I came to the United States as a college graduate, and so did my husband. Both of us were not raised with “math is hard” outlook, and we have engineering degrees. We didn’t really try to focus on math last year, but we read a lot of counting books, played shop, measured things together, compared sets while building towers and counted while throwing balls. But when she turned 3 and her reading took off in a matter of months, I was thinking of how we can replicate our success with Progressive Phonics. I was looking for something that I could break into very small pieces and that wouldn’t be either boring or way beyond her abilities.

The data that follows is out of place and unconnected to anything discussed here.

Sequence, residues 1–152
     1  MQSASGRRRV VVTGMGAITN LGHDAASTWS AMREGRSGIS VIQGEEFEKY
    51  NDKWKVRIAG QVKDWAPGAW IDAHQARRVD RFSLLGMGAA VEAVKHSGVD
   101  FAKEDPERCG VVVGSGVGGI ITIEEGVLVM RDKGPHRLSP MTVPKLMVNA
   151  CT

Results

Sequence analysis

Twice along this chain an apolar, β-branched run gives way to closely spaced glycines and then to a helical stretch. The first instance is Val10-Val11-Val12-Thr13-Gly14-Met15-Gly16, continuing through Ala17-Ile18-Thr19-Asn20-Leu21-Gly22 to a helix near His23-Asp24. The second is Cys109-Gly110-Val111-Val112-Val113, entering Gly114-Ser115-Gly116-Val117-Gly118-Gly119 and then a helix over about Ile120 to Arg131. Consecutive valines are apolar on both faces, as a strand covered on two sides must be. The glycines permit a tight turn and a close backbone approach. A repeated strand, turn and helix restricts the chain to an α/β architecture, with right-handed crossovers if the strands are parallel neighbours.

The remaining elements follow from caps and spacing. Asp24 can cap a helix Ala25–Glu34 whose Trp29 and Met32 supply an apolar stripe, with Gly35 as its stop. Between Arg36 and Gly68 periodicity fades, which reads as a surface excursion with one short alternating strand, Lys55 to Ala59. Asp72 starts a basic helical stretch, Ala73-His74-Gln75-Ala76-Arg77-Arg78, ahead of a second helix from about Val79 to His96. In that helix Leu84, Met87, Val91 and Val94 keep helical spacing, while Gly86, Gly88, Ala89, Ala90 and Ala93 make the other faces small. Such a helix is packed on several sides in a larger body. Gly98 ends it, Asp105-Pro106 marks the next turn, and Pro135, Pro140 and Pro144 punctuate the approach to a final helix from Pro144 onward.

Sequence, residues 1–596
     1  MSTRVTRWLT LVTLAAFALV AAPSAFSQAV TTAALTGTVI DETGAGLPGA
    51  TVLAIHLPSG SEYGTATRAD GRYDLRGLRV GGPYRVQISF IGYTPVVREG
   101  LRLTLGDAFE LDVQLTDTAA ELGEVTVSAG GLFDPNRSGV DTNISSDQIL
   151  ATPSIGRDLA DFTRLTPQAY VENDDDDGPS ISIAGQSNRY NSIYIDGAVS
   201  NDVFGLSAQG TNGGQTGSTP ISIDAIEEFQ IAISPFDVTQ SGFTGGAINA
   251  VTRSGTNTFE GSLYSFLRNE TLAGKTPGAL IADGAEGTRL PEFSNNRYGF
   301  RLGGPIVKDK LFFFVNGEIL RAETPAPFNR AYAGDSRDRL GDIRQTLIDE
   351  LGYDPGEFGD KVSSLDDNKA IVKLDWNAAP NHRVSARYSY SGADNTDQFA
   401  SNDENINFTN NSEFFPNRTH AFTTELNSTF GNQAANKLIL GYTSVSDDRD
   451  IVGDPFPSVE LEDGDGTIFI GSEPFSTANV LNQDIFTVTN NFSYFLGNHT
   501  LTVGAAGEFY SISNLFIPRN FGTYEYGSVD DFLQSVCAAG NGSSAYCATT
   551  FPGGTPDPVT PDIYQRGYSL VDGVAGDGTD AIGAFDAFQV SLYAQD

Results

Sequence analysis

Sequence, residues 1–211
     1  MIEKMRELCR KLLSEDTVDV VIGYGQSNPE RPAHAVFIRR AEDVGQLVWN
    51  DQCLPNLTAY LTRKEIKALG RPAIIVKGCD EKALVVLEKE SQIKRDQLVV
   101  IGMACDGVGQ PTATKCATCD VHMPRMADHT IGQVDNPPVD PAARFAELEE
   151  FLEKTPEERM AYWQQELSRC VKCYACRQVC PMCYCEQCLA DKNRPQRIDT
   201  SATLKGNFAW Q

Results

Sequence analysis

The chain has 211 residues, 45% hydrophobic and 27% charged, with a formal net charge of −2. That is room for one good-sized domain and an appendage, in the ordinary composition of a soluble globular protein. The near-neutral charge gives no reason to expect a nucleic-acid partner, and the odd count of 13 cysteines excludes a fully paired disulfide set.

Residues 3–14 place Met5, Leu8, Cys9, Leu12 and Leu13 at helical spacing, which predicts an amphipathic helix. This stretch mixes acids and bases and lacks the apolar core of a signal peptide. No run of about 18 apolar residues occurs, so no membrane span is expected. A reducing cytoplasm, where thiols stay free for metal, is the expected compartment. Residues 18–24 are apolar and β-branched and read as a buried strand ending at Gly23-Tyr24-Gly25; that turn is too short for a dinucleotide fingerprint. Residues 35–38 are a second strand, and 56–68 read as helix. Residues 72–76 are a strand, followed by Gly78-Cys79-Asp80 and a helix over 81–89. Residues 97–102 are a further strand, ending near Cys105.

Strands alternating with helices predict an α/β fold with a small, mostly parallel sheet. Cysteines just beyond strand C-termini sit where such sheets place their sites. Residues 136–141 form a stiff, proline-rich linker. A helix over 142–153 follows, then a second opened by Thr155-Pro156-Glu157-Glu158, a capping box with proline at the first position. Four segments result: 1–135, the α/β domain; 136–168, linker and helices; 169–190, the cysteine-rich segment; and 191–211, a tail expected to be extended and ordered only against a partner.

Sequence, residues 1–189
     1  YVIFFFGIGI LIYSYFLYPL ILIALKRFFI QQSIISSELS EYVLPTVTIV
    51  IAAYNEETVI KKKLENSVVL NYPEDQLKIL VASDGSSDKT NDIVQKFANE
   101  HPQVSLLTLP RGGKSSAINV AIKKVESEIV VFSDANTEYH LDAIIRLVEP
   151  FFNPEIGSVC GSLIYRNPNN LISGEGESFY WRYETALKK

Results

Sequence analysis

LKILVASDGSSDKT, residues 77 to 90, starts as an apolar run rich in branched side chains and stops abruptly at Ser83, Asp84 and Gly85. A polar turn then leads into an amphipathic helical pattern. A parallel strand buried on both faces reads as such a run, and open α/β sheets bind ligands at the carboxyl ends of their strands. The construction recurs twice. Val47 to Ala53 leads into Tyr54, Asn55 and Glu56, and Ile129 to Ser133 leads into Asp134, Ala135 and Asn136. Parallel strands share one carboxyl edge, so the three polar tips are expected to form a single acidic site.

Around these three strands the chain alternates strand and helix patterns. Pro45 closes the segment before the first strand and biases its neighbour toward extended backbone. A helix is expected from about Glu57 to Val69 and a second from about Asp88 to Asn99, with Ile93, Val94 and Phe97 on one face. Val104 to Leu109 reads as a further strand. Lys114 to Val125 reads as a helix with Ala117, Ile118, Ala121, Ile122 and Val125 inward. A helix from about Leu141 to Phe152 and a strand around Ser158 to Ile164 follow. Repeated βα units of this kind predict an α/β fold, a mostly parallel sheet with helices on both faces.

One thing that I had to understand is that initial success in math is much harder to measure that success in language arts. Reading or spelling successes are more obvious. When I went to look for math curriculums, the choices were numerous and somewhat overwhelming. So I went to the educational store not far from work and looked at various curriculum books. I was sort of surprised to realize that just by doing “hands on math” we were well beyond preschool. So I looked at K-level books. Not surprisingly, Singapore Math was closest to how I was taught math, but I had the feeling that the way material was presented will not appeal to my daughter. After going back to the store several times I chose this math book from The Critical Thinking. We’ve been using it for about a month now, and overall I am pleased with this approach. I don’t ever show Smarty the whole book – she might be intimidated by it. Instead I use it more as a guide for myself – I usually introduce the topic to her through games and books and then ask her if she wants to do “a math challenge”. I don’t give her more than one worksheet a day – we have no reason to rush this curriculum considering that my daughter is still only 3 years and 5 months. I am trying to keep it fun and light – the same way we did it with reading. For example, our current topic is odd and even. We talked about pairs, divided play food into two and read Missing Mittens from Math Start series before I even gave her the first worksheet. My only complaint about the curriculum is that more hands-on topics of measurements happen only in the last third of the book, but, of course, I can choose to introduce it whenever I want.